fifty years ago JULY 26, 1971 Archives

A switch to save astronauts

For nearly 12 minutes after the Apollo 15 astronauts leave earth on their 12-day round trip to the moon, Major Kenneth Aisler will have his finger poised over a switch that could end it all abruptly. That finger against the Red “Destruct” switch would start a series of events resulting in the jettisoning of the command module containing the three Apollo 15 astronauts, the destruction of the Saturn 5 booster rocket, and the ultimate descent to earth of the Apollo spacecraft from its recovery parachutes. From that moment on, it would be up to “Beach Boss” Col. Robert A. Van Arsdall and his air, land and sea forces standing by for just such a disaster. These two Air Force officers have in their hands the fate of astronauts David R. Scott, James B. Irwin and Alfred M. Worden. They also are responsible for other life and property should the Saturn rocket stray from its programmed path. Although all of America’s 24 manned space flights have made it safely through those tenuous early minutes, safety crews are never sure. They constantly are working to perfect techniques and find new equipment. Things can go wrong. If something happens to Saturn 5’s propulsion in the first 100 seconds of the flight, something that endangers the rocket’s safety, an escape rocket perched on top of the command ship can pull it away from the imminent explosion and fireball. That escape rocket develops 66,679 kg. of thrust. It is eight metres long.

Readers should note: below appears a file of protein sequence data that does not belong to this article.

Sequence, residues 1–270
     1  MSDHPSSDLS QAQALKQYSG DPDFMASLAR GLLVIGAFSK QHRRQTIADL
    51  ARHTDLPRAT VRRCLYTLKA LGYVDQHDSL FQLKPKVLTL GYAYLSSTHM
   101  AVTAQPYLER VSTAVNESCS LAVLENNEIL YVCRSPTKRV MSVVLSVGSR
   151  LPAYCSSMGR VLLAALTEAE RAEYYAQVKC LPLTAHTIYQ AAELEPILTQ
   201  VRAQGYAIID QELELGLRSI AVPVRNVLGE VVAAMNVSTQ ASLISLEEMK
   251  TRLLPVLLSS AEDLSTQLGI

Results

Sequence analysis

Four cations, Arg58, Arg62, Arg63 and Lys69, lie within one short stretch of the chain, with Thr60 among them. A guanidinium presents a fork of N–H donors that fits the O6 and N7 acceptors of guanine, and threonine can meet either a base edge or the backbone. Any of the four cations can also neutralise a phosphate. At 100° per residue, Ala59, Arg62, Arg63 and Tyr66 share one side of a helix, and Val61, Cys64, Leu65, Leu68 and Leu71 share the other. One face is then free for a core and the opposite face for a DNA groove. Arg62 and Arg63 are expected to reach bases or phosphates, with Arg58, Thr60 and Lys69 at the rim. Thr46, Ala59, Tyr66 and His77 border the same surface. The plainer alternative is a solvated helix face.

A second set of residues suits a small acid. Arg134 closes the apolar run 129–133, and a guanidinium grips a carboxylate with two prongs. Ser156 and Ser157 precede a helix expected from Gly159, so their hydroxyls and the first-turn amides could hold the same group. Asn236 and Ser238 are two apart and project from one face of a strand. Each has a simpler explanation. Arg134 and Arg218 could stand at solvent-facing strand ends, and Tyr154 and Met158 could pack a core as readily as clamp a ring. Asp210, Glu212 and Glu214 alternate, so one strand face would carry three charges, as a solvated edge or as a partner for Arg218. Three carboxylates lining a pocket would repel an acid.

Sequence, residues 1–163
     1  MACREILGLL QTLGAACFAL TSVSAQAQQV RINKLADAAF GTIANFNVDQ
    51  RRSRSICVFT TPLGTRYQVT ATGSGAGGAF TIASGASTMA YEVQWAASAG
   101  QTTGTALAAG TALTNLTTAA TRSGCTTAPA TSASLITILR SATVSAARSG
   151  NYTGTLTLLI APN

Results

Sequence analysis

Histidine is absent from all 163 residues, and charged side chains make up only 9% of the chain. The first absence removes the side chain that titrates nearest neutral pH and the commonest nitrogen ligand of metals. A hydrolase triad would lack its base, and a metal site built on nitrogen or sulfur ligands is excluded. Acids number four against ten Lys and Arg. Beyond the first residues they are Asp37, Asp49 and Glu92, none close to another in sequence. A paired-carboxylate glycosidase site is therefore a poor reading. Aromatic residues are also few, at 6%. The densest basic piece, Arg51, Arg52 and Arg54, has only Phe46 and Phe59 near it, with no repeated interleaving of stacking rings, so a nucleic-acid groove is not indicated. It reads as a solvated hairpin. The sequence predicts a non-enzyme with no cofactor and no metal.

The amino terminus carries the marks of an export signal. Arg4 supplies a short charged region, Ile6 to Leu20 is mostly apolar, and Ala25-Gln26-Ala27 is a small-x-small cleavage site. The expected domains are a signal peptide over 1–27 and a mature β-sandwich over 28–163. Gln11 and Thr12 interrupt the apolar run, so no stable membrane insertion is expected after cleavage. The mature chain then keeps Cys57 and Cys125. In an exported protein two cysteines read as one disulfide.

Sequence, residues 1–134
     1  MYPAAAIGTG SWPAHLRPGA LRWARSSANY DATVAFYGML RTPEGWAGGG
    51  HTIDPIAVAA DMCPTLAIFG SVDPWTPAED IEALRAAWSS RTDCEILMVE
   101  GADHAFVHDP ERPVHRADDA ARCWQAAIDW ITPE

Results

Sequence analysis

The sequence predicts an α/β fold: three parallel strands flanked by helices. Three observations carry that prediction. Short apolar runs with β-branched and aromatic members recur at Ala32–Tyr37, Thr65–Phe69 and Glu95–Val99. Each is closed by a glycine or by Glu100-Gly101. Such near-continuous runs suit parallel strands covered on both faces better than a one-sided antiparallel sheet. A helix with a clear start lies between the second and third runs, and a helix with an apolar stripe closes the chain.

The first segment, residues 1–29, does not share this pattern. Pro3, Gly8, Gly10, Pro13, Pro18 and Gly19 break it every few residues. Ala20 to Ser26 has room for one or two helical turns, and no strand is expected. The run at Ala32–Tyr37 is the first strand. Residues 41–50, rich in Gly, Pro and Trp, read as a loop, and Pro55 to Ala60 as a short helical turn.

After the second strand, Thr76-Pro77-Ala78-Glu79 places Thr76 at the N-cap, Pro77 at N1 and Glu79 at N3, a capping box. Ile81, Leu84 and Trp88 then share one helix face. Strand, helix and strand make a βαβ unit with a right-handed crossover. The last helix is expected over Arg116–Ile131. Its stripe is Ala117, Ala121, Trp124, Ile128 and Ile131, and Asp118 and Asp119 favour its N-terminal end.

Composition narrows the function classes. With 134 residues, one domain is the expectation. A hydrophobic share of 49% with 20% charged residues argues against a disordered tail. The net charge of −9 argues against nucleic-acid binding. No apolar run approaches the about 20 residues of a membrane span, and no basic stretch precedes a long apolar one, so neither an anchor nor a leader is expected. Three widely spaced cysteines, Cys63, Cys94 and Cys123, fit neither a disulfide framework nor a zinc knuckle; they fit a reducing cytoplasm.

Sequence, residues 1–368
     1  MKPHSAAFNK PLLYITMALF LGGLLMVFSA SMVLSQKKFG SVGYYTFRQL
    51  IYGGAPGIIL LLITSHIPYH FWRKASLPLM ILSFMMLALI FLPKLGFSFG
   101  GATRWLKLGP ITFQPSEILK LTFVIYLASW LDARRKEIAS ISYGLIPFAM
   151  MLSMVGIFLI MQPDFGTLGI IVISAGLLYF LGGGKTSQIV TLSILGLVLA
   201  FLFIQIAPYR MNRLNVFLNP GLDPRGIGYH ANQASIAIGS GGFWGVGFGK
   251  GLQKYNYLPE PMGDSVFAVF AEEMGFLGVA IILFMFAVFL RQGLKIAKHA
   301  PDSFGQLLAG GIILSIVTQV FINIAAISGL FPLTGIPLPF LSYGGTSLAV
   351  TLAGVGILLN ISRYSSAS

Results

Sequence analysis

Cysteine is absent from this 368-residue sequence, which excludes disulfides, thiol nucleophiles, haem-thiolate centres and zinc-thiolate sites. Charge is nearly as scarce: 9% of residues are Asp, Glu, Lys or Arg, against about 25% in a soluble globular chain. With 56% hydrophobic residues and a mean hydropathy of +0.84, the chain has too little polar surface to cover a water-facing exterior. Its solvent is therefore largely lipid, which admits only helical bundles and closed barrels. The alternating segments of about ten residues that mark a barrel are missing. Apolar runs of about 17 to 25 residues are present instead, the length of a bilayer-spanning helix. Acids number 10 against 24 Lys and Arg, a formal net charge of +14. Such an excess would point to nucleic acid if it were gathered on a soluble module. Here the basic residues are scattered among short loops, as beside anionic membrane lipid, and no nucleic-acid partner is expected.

It can be fired either by an automatic system triggered by bad news from sensors in the propulsion system, or it can be fired manually by the astronauts themselves. Should that happen, Van Arsdall’s rescue helicopters would attempt to be over the stricken command ship and its three crewmen within seconds of their landing.

If the impact is on land,a helicopter can dump 385 kg. of foam on the area to stifle brush fires and provide a downdraft of cool air. Another helicopter then moves in with rescuers, medicos and technicians trained to open jammed hatches.

An abort into the water would trigger rescue procedures similar to recovery at the end of a flight.

The HH-53 helicopter known as the super jolly green giant is powerful enough to carry the command module to safety. ABLM, a utility landing craft, stands by 8 km off shore for shallow water salvage and two larger vessels will be down range for deep water recovery.

More than one million people are expected at the Cape area to watch the giant Saturn 5 blast-off. The weather is expected to be good for launch time. Scott and Irwin are scheduled to land on the moon at 3.45 I.S.T. on July 31 and return to earth, north of Hawaii, on August 8 at 2.16 I.S.T.

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Printable version | Sep 25, 2021 6:54:05 AM |

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